Pink Noise

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Random variation in an audio signal—i.e., sound that carries no useful information about the source; pink noise has an equal amount of energy in each octave band
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The increase was larger with the louder babble noise than with the pink noise.
PHOTO Lawrence Glass, left, Peter Kelly, Kirk Hellie and Michael Hill of Pink Noise Test.
As mentioned, I listened to pink noise, too, which roared as smoothly as Niagara Falls and was unchanging as I walked about.
With pink noise, the two amps sounded absolutely identical to me.
The Trinaural signal was level-matched to the Dolby Pro Logic digital signal using pink noise.
I measure the speakers separately and together, playing both mono and "stereo" (two uncorrelated channels) pink noise.
I also measured both channels driven with mono pink noise, measured each channel one at a time, and measured the satellites separately, without the woofers, and the results were essentially the same as what I got when measuring in stereo with uncorrelated noise.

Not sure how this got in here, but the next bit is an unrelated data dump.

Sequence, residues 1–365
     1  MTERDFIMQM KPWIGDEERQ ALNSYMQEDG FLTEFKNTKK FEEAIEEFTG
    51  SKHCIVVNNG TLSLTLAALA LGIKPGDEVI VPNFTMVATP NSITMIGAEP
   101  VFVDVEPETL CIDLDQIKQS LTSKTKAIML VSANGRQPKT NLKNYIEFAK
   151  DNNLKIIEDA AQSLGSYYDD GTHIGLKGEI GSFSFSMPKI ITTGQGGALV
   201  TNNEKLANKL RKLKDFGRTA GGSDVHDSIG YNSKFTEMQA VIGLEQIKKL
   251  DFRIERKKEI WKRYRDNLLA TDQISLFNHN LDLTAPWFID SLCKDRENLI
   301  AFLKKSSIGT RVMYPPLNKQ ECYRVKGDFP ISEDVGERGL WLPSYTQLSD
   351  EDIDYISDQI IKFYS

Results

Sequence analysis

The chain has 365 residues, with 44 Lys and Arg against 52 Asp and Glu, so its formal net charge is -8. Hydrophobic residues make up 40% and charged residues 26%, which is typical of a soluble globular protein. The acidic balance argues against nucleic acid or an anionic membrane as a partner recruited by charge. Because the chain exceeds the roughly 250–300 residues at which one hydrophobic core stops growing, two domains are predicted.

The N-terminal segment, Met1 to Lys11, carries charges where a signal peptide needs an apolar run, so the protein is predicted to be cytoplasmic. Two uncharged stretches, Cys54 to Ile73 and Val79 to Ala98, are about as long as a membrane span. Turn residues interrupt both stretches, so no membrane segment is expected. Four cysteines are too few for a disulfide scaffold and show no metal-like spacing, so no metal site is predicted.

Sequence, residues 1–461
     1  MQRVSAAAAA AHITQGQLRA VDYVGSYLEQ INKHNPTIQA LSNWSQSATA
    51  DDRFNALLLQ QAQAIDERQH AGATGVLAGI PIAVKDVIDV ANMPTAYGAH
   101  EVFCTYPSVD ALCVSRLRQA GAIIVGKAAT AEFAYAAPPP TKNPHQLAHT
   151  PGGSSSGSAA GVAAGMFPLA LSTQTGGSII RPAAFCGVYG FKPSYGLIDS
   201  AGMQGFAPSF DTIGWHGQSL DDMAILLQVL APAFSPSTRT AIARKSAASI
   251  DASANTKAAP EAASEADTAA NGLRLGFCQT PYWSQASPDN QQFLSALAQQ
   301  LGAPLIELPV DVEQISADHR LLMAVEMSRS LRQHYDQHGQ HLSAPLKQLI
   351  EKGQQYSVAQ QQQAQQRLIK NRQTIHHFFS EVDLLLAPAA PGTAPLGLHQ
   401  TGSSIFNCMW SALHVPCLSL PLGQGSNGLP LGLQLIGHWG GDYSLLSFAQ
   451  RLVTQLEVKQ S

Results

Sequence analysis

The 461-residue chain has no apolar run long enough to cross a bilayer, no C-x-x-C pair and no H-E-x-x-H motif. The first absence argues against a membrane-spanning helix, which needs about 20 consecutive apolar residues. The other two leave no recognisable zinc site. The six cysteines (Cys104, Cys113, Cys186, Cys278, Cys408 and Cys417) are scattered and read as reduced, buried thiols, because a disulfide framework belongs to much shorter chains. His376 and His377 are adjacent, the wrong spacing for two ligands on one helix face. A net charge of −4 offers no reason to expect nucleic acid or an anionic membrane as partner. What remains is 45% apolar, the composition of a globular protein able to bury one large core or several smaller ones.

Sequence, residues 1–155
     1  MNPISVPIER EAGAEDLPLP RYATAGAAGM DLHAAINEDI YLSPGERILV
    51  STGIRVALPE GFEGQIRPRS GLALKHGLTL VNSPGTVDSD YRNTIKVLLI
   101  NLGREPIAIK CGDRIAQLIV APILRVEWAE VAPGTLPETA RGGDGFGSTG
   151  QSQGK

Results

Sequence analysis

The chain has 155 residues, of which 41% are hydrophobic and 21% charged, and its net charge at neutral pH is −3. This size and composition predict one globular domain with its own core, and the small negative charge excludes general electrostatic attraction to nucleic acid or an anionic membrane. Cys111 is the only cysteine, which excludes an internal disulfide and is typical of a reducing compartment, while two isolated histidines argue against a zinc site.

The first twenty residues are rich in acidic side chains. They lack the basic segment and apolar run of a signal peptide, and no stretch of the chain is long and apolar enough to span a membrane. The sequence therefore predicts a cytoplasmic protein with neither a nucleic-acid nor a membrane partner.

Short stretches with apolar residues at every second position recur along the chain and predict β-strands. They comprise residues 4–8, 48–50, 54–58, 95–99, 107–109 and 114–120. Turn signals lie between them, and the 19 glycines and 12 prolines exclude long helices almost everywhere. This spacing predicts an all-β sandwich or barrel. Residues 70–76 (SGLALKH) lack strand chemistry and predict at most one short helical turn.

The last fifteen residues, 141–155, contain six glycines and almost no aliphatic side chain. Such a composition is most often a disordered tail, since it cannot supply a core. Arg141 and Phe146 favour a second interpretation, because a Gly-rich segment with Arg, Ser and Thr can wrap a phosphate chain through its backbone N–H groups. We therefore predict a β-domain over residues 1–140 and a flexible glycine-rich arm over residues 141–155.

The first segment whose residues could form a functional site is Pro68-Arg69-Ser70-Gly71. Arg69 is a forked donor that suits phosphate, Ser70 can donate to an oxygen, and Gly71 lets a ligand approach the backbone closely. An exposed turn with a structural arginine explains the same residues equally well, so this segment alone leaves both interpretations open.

I found it easiest to adjust the woofers alone and then add the SoundPoles, using pink noise and a sound level meter at my chair as a final check.
First, the test involved pink noise, which is notoriously good at revealing frequency-response anomalies.
The remote, like so many of them, also contains functions that are not in the unit's array: muting, re-equalization (takes the "brightness" out of movie soundtracks), pink noise speaker test calibrators, and independent playback mode convenience buttons.
Pink noise can be a killer test signal in some respects, because it lacks the erratic fluctuations that music exhibits, allowing you to easily sot frequency-response differences.
I was trying to simulate the critical listening situations and variables that a high-end consumer would aim for; I even let the Fontaines play pink noise for hours one evening, because the manufacturer believes in the importance of loudspeaker break-in.